Angelica Hay. Untitled. Oil and acrylic on birch canvas. 48″ x 48″. 2016.
ZJ: So what did you practice looks like a couple of years ago when you were starting to recommit to it, versus now?
AH: When I first started committing to it, I didn’t really know how to go about doing it. So, I started applying to art festivals, thinking that would be a way to sell…and show my work, and that’s a really hard market to tap into. It’s very niche. You kind of have to be offering a product, and my paintings were never quite that. So I found myself trying to make paintings I thought people would want to buy, instead of making paintings for myself. It wasn’t very satisfying, and I don’t like any of the paintings from that time, looking back on them.
ZJ: Was your subject matter the same then as it is now?
AH: No, it’s totally different. Because all I had known was the science world, I was trying to integrate science into my work for the first time. So I had a lot of genetic code [in my work] and things like that. But I didn’t have a clear subject matter, and I was really interested in butterflies at the time. I was trying to just mash them together, but there was nothing I really had an emotional connection to. It was just me making paintings to get back into painting, but I was mostly meandering.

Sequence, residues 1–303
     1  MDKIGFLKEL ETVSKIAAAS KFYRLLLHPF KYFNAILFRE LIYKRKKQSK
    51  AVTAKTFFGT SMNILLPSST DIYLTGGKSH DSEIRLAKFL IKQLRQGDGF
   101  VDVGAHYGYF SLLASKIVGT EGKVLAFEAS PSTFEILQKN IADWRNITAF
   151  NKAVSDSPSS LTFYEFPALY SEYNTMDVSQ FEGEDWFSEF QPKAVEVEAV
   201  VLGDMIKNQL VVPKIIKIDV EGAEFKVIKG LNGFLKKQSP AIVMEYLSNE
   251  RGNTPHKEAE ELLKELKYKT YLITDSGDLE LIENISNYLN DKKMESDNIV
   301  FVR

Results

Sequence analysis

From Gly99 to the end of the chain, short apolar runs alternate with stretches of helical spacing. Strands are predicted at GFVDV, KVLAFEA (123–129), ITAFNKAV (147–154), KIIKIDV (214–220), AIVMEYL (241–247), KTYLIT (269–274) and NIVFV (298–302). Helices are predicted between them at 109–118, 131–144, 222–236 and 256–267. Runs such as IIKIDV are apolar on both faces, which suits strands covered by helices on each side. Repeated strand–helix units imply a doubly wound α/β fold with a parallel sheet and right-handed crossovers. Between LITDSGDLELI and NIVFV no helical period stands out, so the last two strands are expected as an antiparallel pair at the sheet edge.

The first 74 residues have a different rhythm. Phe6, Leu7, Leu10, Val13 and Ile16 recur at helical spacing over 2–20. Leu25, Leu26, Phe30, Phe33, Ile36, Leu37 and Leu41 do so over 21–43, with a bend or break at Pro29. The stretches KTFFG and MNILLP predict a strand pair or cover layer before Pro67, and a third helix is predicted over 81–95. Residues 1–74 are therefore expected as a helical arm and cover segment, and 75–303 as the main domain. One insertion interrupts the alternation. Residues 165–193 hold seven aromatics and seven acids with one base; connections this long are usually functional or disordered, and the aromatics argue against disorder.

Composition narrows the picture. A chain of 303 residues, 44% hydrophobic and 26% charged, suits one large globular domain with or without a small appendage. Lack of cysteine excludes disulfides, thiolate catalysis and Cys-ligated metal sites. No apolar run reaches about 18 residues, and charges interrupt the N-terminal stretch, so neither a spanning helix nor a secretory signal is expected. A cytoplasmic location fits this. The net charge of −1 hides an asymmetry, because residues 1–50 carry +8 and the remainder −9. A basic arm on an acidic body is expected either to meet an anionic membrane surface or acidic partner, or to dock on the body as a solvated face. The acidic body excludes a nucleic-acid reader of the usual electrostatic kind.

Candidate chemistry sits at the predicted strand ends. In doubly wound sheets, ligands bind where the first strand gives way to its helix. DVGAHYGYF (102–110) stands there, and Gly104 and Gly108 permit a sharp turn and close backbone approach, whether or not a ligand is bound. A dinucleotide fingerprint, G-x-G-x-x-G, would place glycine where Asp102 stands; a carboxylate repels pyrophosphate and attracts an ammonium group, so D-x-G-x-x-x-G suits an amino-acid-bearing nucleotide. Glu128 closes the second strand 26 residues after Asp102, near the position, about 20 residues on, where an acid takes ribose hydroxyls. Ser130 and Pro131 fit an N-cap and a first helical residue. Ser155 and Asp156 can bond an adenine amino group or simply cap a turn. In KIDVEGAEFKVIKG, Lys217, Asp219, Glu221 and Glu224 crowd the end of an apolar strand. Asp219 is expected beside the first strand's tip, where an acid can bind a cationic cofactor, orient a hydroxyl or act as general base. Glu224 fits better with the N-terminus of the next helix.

Angelica Hay. With Your Eyes Closed. Close Your Eyes. Mixed media on birch panel. 24 x 24″. 2015.
ZJ: So then what are you making work about currently?
AH: I’m still working on how to totally articulate what they’re about. In a vague sense, they’re about coping with loss and identity. They came after a traumatic time in my life. Ultimately they’re a way for me to cope with pregnancy loss, so a lot of them revolve around the alienation that comes with experiencing something like that.
Now my latest paintings are moving away dealing with this sadness and trying to make sense of things. They’re moving outside of my home and into the natural world. So, I’m focusing on botanicals and the outdoors in them. They’re hopefully very peaceful.
ZJ: Do you have an artist you really enjoy right now?
AH: I really like Jenny Morgan’s work. She’s a figurative painter. I can’t really speak to what her work’s about, but they’re really stunning paintings. They’ve got this really emotional quality because of her color choice. And I’m really big on color. They’re just beautiful.
ZJ: Can you remember something in your life that was particularly visually striking?
AH: About five years ago, Ryan and I took a road trip on the Pacific Northwest. We went from Seattle down to San Francisco, so we drove down coastal Oregon where it was just cliffs. It was really stormy and grim and grey, and it looked really surreal. It was violent, but calm and quiet at the same time.
Then during that trip we went to a redwood forest, and I’d never seen anything like that. We walked in there, and I’ve never felt so terrified by nature in my entire life; I was so afraid. I don’t know if it was just the scale, but my anxiety skyrocketed when I was there because everything was so large. I just felt I was being swallowed up by this forest.